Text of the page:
All-in-one All Grain Brewing For Your Kitchen Counter

All grain brewing is a labor and equipment intensive endeavor, but it produces the highest quality beer compared to partial mash or extract brewing. [Jeff Karpinski] started out with the latter two methods, but as his enthusiasm for the hobby mounted he found himself brewing all-grain batches with just an electric kettle. He developed the system seen above as an easy method of automating the all grain process, and he managed to make it tidy enough to do in the kitchen.

All-grain brewing usually involves five or ten gallon (or more) boils. This type of volume is usually what demands that the brewing process move out of the kitchen. But since [Jeff] is the only beer drinker in the house he limits his sessions to three gallons. This means all of the equipment takes up less room. Here he’s got a five-gallon bucket, cooler, and brew kettle on just one small piece of the counter. In between the kettle and bucket you can see the controller box he built. This is responsible for switching power to the heating element in the brew kettle, and the electric pump in the bucket. The bucket has a permanent counterflow chiller which brings the wort down to a suitable temperature before pitching the yeast. It’s pretty amazing how well contained the liquid is from start to finish!

[Thanks ScottInNH]

10 thoughts on “All-in-one All Grain Brewing For Your Kitchen Counter

  1. I don’t spend much time on HBT, but I did read about it in BYO and then I went and read the entire HBT thread. JKarp’s obviously a great guy and has spent a lot of time answering people’s questions.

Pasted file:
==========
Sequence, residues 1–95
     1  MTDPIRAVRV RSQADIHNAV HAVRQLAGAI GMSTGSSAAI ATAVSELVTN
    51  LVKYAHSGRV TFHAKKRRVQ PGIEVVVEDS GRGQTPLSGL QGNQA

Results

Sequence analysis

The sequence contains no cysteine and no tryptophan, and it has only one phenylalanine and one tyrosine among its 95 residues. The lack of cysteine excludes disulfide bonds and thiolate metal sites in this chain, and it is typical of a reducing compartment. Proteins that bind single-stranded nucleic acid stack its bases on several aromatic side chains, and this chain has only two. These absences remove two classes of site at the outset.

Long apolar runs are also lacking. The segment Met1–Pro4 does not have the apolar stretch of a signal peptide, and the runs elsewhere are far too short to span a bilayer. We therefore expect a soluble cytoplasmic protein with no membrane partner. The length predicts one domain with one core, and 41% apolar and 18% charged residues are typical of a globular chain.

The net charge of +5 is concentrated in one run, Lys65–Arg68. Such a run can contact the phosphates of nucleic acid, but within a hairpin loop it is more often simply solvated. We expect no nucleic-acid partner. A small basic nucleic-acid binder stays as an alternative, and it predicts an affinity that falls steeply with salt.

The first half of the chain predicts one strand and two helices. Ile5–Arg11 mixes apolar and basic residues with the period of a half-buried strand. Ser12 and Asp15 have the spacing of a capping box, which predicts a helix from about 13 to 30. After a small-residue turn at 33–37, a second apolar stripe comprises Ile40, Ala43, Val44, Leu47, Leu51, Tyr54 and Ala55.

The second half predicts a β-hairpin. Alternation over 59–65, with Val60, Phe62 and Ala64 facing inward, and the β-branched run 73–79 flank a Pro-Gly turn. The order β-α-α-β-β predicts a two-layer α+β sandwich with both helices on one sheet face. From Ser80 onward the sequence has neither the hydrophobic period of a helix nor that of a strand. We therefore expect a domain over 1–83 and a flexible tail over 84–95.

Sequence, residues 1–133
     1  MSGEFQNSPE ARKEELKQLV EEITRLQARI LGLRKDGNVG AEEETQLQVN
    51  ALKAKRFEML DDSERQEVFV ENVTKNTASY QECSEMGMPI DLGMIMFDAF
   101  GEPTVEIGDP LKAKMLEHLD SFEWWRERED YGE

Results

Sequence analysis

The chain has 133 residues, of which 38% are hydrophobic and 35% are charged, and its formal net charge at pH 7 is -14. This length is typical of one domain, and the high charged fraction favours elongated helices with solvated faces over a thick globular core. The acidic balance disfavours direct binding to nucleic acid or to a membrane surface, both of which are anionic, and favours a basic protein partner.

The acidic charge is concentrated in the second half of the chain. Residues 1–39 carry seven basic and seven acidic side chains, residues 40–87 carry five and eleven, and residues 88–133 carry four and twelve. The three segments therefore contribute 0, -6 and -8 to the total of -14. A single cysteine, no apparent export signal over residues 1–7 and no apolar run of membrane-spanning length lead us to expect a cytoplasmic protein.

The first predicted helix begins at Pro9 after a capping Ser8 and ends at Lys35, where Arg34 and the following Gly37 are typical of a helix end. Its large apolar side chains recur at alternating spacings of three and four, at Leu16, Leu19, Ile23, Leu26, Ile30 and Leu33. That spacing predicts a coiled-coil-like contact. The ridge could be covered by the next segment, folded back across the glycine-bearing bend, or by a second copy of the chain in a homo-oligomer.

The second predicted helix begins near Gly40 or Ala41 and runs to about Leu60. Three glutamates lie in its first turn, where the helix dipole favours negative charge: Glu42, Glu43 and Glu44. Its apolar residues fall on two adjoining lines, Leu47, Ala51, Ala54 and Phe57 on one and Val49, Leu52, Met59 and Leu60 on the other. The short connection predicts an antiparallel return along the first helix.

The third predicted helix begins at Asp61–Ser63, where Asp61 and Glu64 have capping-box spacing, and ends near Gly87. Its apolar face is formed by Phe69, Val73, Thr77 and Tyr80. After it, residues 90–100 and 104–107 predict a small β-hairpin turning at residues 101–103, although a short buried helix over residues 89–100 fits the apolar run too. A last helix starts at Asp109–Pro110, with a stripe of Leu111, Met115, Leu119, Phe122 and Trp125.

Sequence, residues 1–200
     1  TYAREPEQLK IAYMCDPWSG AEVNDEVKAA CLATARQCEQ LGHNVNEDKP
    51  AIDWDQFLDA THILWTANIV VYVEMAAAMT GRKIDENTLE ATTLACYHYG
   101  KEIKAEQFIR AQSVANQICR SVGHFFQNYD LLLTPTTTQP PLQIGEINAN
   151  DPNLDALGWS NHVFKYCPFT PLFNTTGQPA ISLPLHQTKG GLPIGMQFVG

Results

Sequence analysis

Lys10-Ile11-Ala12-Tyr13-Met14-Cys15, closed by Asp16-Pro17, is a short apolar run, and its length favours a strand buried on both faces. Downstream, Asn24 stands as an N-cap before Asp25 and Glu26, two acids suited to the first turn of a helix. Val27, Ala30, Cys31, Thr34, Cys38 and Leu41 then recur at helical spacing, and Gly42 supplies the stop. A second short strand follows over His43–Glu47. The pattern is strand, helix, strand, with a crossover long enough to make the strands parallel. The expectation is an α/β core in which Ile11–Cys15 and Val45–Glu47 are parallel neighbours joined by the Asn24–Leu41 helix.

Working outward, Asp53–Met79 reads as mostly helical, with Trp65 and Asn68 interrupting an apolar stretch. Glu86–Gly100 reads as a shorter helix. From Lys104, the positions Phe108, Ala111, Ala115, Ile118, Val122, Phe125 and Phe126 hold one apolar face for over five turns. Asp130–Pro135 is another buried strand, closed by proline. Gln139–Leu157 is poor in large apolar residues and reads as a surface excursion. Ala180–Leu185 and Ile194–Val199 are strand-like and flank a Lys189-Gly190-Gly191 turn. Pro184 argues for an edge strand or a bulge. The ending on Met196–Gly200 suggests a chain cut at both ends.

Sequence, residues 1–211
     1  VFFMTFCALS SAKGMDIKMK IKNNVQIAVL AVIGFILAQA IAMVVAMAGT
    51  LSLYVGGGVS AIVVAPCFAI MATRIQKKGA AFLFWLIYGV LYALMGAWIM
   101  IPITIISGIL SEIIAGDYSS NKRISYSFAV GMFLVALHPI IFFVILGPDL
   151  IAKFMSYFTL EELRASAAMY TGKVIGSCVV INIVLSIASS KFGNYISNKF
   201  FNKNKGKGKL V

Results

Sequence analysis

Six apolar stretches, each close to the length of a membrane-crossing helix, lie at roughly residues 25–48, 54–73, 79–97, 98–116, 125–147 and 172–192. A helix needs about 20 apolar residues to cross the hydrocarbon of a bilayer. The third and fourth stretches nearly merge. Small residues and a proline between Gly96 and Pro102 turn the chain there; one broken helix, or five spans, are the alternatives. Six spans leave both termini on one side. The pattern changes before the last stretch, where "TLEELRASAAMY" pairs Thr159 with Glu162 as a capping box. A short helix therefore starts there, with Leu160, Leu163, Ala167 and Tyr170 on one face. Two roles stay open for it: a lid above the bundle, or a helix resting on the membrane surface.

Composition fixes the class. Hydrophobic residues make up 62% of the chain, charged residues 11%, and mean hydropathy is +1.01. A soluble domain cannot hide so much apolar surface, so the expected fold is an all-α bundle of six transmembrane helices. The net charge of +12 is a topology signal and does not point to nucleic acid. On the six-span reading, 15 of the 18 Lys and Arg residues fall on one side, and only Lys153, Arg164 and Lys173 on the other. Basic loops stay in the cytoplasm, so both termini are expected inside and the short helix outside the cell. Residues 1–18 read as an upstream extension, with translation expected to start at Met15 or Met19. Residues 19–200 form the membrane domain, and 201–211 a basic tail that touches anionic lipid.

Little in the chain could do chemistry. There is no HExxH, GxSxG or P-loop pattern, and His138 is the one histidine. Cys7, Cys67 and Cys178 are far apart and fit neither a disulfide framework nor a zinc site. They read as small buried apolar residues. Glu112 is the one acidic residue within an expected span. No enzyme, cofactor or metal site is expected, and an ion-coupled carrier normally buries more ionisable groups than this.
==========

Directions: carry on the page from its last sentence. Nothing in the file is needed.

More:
This is just such a well-designed system – functional, easy, cheap, and portable.

    For a couple of years I’ve had the parts list in my Google Documents. I just cant decide if I should build it “as is”, or if I should adapt it to use BrewTroller (instead of the PID).

    1. Do you brew already? If so, do what you want with what you’ve got! If not, make sure that you try brewing before you drop a lot of cash on a nice controlled setup. Get a turkey fryer kit and do some extract batches, or even partial mash batches so that you can get a hang of it.

  2. >But since [Jeff] is the only beer drinker in the house

    >he limits his sessions to three gallons

    I don’t see the connection between those two statements… ;-)

  3. great timing for me to read this. ive been wanting to try home brewing for years now. just finally got started last weekend. started out with a five gallon batch using partial mash. i allready want to do my next using all grain. hope this batch come out ok. long time to wait just to see if i botched it or not.

  4. For the record, it’s not really accurate to say all grain produces the highest quality beer. Extract and Partial Mash consistently do well in competitions. All grain does however give you the most control over the final product and allows the most flexibility.

  5. I just made my first batch of beer last night. I used an extract kit but I really want to do all grain.

    I’ve made some wine/ mead/ kombucha before but beer is my true favorite of fermented beverages.

    I could see myself replicating this setup later on down the road (budget permitting of course) good post.

  6. Very cool to see my old Brew Your Own article on Hack A Day. I still brew on this very system. If anyone has questions on brewing systems, feel free to hunt me down on G+ or HomeBrewTalk (I’m jkarp over there).

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